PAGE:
pragmatism

Definitions

  • WordNet 3.6
    • n pragmatism the attribute of accepting the facts of life and favoring practicality and literal truth
    • n pragmatism (philosophy) the doctrine that practical consequences are the criteria of knowledge and meaning and value
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Webster's Revised Unabridged Dictionary
    • n Pragmatism The quality or state of being pragmatic; in literature, the pragmatic, or philosophical, method. "The narration of this apparently trifling circumstance belongs to the pragmatism of the history."
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Century Dictionary and Cyclopedia
    • n pragmatism Pragmatical character or conduct; officiousness; busy impertinence.
    • n pragmatism In history, same as pragmatic method. See pragmatic, a.
    • n pragmatism In philosophy, a method of thought, a general movement or tendency of thought, and a specific school, in which stress is placed upon practical consequences and practical values as standards for explicating philosophic conceptions and as tests for determining their value and, especially, their truth. The word is used in a variety of senses, of greater or less breadth and definiteness. The following meanings of the term are arranged in the order of descending generality: An attitude of mind, namely that of “looking away from first things, principles, 'categories, supposed necessities, and of looking toward last things, fruits, consequences, facts.” W. James, Pragmatism, a New Name for Some Old Ways of Thinking, p. 55.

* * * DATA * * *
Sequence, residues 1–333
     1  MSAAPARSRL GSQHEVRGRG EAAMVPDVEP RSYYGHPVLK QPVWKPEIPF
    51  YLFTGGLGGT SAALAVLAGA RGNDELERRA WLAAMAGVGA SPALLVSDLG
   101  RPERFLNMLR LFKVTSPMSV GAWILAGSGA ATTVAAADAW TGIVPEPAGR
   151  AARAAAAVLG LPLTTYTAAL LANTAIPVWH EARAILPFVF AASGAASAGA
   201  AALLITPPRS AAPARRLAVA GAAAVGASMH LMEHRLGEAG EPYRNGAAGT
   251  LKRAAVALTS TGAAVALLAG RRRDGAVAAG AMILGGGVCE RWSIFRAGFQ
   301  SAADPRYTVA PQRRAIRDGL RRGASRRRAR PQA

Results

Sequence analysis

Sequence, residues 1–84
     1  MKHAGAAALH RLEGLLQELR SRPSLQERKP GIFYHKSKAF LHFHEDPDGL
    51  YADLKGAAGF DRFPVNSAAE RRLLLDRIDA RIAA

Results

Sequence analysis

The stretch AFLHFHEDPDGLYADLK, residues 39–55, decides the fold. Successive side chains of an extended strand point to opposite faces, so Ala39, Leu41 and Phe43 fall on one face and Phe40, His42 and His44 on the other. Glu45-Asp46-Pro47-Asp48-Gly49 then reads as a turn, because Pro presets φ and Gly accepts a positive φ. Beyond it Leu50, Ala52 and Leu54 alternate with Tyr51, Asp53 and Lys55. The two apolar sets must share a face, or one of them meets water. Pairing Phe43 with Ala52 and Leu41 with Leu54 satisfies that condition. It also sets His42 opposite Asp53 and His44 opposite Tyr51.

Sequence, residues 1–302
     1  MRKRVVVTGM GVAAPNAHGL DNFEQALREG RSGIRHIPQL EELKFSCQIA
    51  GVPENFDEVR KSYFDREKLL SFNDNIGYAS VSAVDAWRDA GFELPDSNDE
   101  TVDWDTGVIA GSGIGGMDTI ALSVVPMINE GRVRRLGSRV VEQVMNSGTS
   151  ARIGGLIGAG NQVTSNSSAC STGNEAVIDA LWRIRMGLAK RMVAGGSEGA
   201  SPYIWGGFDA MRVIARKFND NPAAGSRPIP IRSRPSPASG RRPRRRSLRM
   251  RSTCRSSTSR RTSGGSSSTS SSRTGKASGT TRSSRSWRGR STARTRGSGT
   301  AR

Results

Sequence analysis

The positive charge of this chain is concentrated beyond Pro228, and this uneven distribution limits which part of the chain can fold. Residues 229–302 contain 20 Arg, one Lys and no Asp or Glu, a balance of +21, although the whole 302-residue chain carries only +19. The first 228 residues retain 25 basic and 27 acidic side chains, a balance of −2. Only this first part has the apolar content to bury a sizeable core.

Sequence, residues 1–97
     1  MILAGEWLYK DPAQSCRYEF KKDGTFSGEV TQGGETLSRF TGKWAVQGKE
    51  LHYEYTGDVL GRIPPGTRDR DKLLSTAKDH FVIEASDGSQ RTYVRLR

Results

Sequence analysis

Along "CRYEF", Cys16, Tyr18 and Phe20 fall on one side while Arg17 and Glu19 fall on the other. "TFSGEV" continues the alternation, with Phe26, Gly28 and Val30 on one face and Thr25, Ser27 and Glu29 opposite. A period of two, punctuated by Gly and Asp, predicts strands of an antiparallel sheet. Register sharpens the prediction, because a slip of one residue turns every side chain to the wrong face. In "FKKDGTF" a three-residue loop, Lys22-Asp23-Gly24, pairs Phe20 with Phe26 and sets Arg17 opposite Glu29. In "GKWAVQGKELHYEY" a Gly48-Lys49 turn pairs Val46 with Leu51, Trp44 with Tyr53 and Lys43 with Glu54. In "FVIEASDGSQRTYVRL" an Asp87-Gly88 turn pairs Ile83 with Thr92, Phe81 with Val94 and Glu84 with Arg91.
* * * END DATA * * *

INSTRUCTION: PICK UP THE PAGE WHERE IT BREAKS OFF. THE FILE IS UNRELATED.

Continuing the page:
• n pragmatism A theory of the nature of truth, namely, that the correspondence between fact and idea which constitutes truth consists in the power of the idea in question to work satisfactorily, or to produce the results intended by it.
    • n pragmatism A metaphysical theory regarding the nature of reality, namely that it is still in process of making, and that human ideas and efforts play a fundamental rôle in its making: the equivalent of humanism as a metaphysical term.
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Chambers's Twentieth Century Dictionary
    • ns Pragmatism activity: earnestness: meddlesomeness
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Etymology

Chambers's Twentieth Century Dictionary
Fr.,—L.,—Gr. pragmatikospragmapragmatos, deed—prassein, to do.

Usage

In literature:

Some pragmatical seventeenth century lawyer, I suppose.
"A Study In Scarlet" by Arthur Conan Doyle
Called you pragmatical, Nick?
"Rewards and Fairies" by Rudyard Kipling
This hath given the former such an air of superiority, and made the latter so pragmatical, that neither of them are well to be endured.
"The Battle of the Books and Other Short Pieces" by Jonathan Swift
The historians of the Renaissance period simply reverted to the ancient pragmatical view.
"Darwin and Modern Science" by A.C. Seward and Others
A detestable, pragmatical, domineering girl!
"The Clever Woman of the Family" by Charlotte M. Yonge
Thus Paul's postulate of Adam as the natural man was pragmatically true: it worked.
"Preface to Androcles and the Lion" by George Bernard Shaw